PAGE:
Our sincere thanks to Andy Jurgensen for his review of Amy Berg's documentary and comparison to the documentary trilogy by Joe Berlinger and Bruce Sinofsky.
In 1994, Damian Echols, Jason Baldwin and Jessie Misskelley were tried and convicted in a West Memphis court of the murder of Steven Branch, Christopher Byers and Michael Moore. The trial was a sensational one, with prosecutors claiming that Echols was a Satan worshiper and with the help of Misskelley and Baldwin, tortured and killed the young boys in a ritualistic rage. Only teenagers, Misskelley and Baldwin received life sentences and Echols was given the death penalty. In the subsequent 18 years since their lockup, there has been a growing support around the three men, with many doubting the evidence provided by local law enforcement and questioning whether the right killers are behind bars. Amy Berg's West of Memphis, the latest documentary to chronicle this trial and aftermath, is a comprehensive and worthy analysis of police and court injustice and charts the emotional journey of those dedicated to Echols, Misskelley and Baldwin's eventual release.
The young mens' story was first brought to the public eye by Joe Berlinger and Bruce Sinofsky, whose Paradise Lost: The Child Murders at Robin Hood Hills aired on HBO in 1996 and cast initial doubts about the young men's guilt. Since that film, Berlinger and Sinofsky have made two well executed follow-up docs (the latest, Paradise Lost 3: Purgatory, premiered at film festivals late last year and is nominated for best doc at this year's Oscars). West of Memphis doesn't ignore the existence of these films and actually credits them for sparking the global "Save the West Memphis Three" movement and acquiring the high profile financial support of celebrities such as Peter Jackson & Fran Walsh (both producers on this film), Eddie Vedder, Natalie Maines, Johnny Depp and others.
It's important to note that West of Memphis is not a rehash, but rather, a fresh and more informed perspective on what has become quite a contentious story. Berg doesn't dwell on the minutiae of the original trial (which Paradise Lost 1 did so well) and moves fairly quickly into the legal team's exhaustive effort to reexamine all the evidence of the case. What they find is pretty astounding: two instances of false testimony, multiple signs of coerced confession and misinterpretation of "satanic" mutilation of the victims' bodies. The most shocking revelation comes via new forensic testing that finds no traces of DNA from Echols, Baldwin and Misskelley at the crime scene but points to a new suspect in Terry Hobbs, stepfather of victim Steven Branch.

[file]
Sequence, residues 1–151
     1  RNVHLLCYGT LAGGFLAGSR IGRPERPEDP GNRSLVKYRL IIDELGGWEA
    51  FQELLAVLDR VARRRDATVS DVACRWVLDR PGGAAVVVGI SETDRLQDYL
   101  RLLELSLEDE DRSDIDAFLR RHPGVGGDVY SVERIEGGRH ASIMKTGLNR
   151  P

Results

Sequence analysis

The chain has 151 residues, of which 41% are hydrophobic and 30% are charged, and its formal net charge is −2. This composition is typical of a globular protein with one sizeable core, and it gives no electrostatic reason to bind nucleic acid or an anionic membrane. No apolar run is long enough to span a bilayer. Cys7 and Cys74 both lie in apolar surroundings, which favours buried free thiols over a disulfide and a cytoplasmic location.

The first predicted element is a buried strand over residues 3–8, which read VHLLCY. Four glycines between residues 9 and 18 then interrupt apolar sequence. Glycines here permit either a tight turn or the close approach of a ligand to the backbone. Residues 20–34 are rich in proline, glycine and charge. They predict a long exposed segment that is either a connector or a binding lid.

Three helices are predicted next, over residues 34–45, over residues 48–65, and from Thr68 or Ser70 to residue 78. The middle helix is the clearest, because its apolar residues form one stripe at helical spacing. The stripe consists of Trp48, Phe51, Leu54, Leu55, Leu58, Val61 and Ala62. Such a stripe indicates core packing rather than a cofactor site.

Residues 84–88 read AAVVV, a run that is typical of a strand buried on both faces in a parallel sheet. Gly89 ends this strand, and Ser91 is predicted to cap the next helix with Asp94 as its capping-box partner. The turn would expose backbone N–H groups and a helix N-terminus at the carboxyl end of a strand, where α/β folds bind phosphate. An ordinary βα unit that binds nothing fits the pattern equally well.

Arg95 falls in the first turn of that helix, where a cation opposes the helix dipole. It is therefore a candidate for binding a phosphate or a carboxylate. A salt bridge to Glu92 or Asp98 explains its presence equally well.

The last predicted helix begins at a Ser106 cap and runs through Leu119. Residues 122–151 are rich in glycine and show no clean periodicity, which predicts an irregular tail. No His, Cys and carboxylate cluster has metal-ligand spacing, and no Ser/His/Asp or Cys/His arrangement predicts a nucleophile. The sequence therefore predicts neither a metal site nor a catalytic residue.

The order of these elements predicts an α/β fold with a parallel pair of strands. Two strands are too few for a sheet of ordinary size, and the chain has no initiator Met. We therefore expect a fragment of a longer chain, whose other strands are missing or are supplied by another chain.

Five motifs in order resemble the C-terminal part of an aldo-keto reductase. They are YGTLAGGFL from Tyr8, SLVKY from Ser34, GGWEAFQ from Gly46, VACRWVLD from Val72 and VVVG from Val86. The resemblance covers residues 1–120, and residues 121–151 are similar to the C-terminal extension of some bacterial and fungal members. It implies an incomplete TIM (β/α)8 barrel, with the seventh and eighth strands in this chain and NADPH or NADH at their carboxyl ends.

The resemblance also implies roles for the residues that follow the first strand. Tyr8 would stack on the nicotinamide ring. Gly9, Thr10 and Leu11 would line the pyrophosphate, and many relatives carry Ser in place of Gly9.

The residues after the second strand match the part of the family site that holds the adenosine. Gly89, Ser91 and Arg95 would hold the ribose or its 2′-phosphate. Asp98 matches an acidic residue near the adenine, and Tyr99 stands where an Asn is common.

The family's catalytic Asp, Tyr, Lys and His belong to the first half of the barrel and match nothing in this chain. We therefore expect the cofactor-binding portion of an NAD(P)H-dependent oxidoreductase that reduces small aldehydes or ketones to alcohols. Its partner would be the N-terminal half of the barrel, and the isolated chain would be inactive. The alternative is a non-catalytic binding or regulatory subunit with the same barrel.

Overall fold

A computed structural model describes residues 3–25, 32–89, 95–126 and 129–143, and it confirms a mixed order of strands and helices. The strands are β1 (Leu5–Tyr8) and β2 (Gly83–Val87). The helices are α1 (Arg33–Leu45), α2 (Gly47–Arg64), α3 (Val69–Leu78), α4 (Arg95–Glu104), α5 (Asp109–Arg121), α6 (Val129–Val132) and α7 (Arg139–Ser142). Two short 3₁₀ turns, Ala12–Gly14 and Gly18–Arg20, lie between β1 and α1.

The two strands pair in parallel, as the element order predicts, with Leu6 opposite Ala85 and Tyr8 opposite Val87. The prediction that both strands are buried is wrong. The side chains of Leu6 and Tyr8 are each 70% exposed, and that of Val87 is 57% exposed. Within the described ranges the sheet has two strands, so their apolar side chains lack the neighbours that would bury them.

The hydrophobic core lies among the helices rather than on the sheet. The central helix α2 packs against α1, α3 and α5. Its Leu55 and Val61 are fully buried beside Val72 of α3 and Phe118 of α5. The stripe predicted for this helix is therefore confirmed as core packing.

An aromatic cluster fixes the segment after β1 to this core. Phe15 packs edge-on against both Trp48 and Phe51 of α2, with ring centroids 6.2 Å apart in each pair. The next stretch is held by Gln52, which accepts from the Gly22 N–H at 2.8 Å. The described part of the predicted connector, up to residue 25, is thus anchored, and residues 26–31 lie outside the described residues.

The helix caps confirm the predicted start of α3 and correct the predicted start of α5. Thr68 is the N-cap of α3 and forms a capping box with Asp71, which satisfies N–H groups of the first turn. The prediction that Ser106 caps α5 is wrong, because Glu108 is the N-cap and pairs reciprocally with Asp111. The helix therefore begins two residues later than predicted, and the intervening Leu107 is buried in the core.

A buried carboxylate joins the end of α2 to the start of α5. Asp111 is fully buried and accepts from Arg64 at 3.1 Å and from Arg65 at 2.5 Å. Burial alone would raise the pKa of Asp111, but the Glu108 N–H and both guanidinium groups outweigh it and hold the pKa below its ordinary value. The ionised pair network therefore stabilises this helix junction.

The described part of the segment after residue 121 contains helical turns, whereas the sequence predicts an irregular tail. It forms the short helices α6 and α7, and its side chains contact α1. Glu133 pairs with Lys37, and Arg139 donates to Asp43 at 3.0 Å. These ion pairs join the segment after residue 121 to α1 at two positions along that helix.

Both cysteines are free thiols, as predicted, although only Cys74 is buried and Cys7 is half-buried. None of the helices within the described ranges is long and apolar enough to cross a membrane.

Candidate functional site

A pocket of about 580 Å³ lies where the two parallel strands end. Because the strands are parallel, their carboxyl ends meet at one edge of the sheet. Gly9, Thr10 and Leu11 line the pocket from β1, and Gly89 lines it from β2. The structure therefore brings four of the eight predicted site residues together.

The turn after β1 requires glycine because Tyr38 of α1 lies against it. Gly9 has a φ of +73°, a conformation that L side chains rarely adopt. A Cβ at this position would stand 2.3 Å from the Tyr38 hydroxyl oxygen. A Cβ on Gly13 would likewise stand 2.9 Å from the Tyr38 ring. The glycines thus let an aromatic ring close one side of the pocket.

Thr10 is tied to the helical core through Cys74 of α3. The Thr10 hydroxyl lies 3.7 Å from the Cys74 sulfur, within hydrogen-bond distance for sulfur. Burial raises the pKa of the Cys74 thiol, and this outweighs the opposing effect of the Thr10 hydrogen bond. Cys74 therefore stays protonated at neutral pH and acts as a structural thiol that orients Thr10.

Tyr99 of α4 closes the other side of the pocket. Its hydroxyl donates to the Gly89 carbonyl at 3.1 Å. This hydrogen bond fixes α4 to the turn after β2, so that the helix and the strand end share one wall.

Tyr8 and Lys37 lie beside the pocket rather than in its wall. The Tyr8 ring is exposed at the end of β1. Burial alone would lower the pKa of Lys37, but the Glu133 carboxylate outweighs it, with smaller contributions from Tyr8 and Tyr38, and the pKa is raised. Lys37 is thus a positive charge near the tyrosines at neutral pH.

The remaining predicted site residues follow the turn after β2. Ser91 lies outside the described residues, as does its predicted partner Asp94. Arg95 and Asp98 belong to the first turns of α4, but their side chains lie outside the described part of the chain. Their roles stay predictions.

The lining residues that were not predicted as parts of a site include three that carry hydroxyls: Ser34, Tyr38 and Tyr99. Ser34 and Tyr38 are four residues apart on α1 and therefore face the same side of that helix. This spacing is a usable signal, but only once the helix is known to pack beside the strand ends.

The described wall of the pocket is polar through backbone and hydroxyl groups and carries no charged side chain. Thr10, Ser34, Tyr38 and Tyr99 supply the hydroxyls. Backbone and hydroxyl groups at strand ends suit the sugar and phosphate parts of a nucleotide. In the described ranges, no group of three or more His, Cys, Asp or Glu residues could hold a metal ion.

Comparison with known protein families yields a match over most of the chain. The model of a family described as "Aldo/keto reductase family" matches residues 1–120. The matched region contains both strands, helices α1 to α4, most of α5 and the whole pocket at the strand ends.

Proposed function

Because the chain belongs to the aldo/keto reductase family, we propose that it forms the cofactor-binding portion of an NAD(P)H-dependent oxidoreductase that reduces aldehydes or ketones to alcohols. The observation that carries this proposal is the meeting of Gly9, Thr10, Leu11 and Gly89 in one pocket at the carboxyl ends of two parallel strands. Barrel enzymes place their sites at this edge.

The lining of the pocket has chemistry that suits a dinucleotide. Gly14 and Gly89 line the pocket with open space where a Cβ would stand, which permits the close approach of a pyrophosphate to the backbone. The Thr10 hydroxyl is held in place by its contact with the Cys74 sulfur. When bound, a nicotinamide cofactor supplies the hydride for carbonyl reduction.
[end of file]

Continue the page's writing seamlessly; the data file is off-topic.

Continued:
With this new piece of the puzzle, the second part of the film expertly focuses on building the case against Hobbs. Much of the first two Paradise Lost films pointed suspicions on the boisterous Mark Byers, stepfather of victim Chris Byers, without any hard evidence except for his wild and vindictive demeanor played out in front of their cameras. Berg is somewhat critical of their initial accusations and backs up her argument against Hobbs with a questionable alibi and stories of prior abuse. Additionally, sworn testimony from witnesses conducted two weeks before the Sundance premiere claim Hobbs's nephew told them that Terry killed the two boys and it is the "Hobbs family secret."
As the team prepares to appeal to the Arkansas supreme court and retry the case in light of DNA evidence, the film introduces us to Lorri Davis, a NY woman who started writing letters to Damian Echols back in 1996 and has since dedicated her life to the mens' freedom, and Pam Hobbs, Steven Branch's mother who reveals her doubts that the West Memphis Three are the real killers. The journey of these two women provide an emotional backbone to the film without overshadowing its mission.
One of the more interesting parts of the film for me was the unexpected final chapter, where current West Memphis prosecutor Scott Ellington offers Echols, Misskelley and Baldwin immediate freedom in exchange for admitting guilt to first-degree murder (in the form of Alford pleas). Always claiming their innocence, it is a heart-wrenching decision. Paradise Lost 3: Purgatory, which was initially completed before this surprise development, later tacked on an epilogue that informs well enough but is not as satisfying as it could have been. Because of Berg's access, West of Memphis provides a real play-by-play of the inner turmoil the three men go through to accept a plea deal, especially that of Jason Baldwin. Their release is bittersweet and an on-camera interview Berg conducts with Ellington prove that politics and attitudes have not changed in West Memphis.
Clocking in at 150 minutes, West of Memphis leaves no stone unturned and proves to be a significant and impassioned companion piece to the HBO documentary trilogy. With the exception of a few sound bites from Echols in prison, Berg chooses not to interview Misskelley or Baldwin until after they are eventually released. It's a bold but effective choice as we see the three men adjust to life on the outside and attempt to put this nightmare behind them. With a scripted movie in the works (set to star Colin Firth and Reese Witherspoon) and the ultimate fate of Hobbs in limbo, this isn't the last we'll hear of this tragic tale.